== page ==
A Rare Thing of Great Beauty

Dusk on July 17. Something to be grateful for.

EQ Memories

In fact I had forgotten that it was today, and that it happened on a Monday, 17 years ago. I was reminded only by these three candles that I spotted this morning, while out enjoying a walk on the first, un-clouded, sunny morning in three days. Many people had died on the lot where the candles were lit. Reading the simple sign made the hairs on my arms rise up in a wave until the nape of my neck. I was standing on a street in QM outside a classmate's house when it struck. We had a clear view of the Baguio Hilltop Hotel collapsing from where we were. I had to walk home, all the way across town, because no taxis or jeepneys were picking up passengers. Every one was just trying to reach their homes. When I walked through Burnham Park, I saw some one's hand sticking out from under a fallen concrete welcome arch. I remember the hand was grey with the pallor of death. It was also bloated. I decided to avoid Session Road, for fear that there would be crowds and more collapsed buildings

The Next Best Thing to Nanay's Home-cooked Food

Hooraaaaay! After 6 weeks of being closed for renovation, the Cafe By the Ruins re-opened yeseterday! All the classics and favorites are still on the menu, like Patring's Goodies and Ole Nick's Open-face Tuna Sandwich-- to my knowledge, the only specials that never left! There are lots of new goodies too, featuring this season's produce; such as fresh guava juice, and 2-mushrooom crepes, which is what I had for lunch. MMMMMMMMMM Mine, all mine! While I was enjoying my lunch, I surveyed the Cafe clientelle that had come for the day, and tried to guess who was what. Which one/s are you? People started streaming in for late lunch, and first among them was the family that owns the Baguio franchises for McDonalds. They entered at an excited, brisk walk, declaring to all within earshot as they entered, "Nakaka-miss! We could hardly wait for it to open again!" But of course! What was I thinking? That they eat burgers and fries all year round? They probably don't even

Random Diss Excerpt #6

READING ADVISORY: Reportage on indigenous peoples' rights. Ho-hum. In the Philippines the Indigenous Peoples' Rights Act sets out a legal procedure for indigenous people to claim ancestral territory and gain security of tenure. In Indonesia however, it remains to be seen how this struggle for rights will manifest itself in legal and political arenas. The government’s policy since Former President Soeharto’s time has always been that all Indonesians are indigenous (Li 2000, Moniaga 2007). The accepted label for indigenous groups was masyarakat terasing, or isolated community. The government’s policy towards indigenous peoples has been one of assimilation along an externally prescribed path of development (Persoon et al. 2004). Subsequently, indigenous peoples had no control over the management of natural resources in their territories. Through the years of independent government, they have been officially labeled as isolated and backward and the only avenue for them for full par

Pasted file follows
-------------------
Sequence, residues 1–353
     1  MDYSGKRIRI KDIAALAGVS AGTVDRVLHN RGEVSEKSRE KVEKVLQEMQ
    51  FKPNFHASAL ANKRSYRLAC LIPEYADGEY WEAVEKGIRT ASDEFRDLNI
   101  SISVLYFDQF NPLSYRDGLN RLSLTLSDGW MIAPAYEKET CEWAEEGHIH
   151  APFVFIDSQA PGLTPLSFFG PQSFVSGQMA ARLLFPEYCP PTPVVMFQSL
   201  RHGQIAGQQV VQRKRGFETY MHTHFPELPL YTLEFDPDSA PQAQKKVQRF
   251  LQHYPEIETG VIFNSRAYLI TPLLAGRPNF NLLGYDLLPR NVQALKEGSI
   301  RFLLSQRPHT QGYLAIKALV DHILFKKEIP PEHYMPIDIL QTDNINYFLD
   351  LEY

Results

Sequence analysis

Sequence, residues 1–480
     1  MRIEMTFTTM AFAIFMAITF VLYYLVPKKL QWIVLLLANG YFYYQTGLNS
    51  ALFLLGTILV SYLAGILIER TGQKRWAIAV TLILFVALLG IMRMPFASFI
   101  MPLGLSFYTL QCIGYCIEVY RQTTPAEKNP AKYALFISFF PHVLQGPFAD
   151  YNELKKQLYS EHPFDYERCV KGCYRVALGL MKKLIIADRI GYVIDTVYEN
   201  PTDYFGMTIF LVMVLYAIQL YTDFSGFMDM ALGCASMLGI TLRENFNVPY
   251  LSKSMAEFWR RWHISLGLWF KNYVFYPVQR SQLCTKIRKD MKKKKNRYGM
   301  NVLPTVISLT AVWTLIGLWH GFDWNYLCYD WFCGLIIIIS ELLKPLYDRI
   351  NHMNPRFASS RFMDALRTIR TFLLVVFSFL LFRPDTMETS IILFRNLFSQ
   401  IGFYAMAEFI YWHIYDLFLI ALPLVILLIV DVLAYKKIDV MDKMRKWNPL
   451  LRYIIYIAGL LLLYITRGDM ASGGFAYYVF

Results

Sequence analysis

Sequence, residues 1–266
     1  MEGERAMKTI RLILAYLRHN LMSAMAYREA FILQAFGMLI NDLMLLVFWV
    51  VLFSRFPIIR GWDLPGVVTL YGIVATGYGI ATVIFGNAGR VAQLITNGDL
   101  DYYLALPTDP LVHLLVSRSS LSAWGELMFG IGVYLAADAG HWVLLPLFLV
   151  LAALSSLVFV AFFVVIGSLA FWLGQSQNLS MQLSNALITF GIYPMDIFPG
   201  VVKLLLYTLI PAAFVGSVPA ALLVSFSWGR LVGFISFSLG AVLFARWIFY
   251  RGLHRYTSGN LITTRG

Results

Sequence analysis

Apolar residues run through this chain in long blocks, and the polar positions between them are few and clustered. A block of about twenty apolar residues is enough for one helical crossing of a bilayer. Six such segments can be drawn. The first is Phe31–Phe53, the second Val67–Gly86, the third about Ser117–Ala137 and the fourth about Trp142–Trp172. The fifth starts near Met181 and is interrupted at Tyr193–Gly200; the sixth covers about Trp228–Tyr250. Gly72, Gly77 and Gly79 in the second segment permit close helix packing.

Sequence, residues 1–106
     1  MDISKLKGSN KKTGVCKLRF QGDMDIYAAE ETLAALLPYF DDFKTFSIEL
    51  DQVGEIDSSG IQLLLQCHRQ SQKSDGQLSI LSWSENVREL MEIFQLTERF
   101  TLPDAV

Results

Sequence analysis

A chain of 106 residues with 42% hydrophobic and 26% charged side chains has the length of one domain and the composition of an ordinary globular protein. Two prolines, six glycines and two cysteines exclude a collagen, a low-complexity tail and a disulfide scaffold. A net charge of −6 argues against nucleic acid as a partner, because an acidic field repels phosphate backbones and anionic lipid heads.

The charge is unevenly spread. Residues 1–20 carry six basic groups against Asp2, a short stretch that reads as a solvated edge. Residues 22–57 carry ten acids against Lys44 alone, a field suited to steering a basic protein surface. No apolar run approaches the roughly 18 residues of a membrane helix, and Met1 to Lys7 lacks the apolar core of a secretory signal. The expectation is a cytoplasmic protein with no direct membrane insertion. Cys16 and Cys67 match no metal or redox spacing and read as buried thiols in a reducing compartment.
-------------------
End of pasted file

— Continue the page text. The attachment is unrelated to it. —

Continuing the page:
This came in the mail today. I'm guilty of the ones in red. Come to think of it though, post-grad or not, this list suits a lot of my 'geeky' friends who are busily pursuing an obsession too. Ummm, I meant that as a statement of solidarity -- no insult intended! YOU MIGHT BE A GRADUATE STUDENT WHEN... you can analyze the significance of appliances you cannot operate; you have ever, as a folklore project, attempted to track the progress of your own joke across the Internet; y ou are startled to meet people who neither need nor want to read; you have ever brought a scholarly article to a bar; you rate coffee shops (or bars) by the availability of wifi and outlets for your laptop; everything reminds you of something in your discipline; you have ever discussed academic matters at a sporting event; you have ever spent more than $50 on photocopying while researching a single paper; there is a microfilm reader in the library that you consider "yours" (teka, uso pa ba ito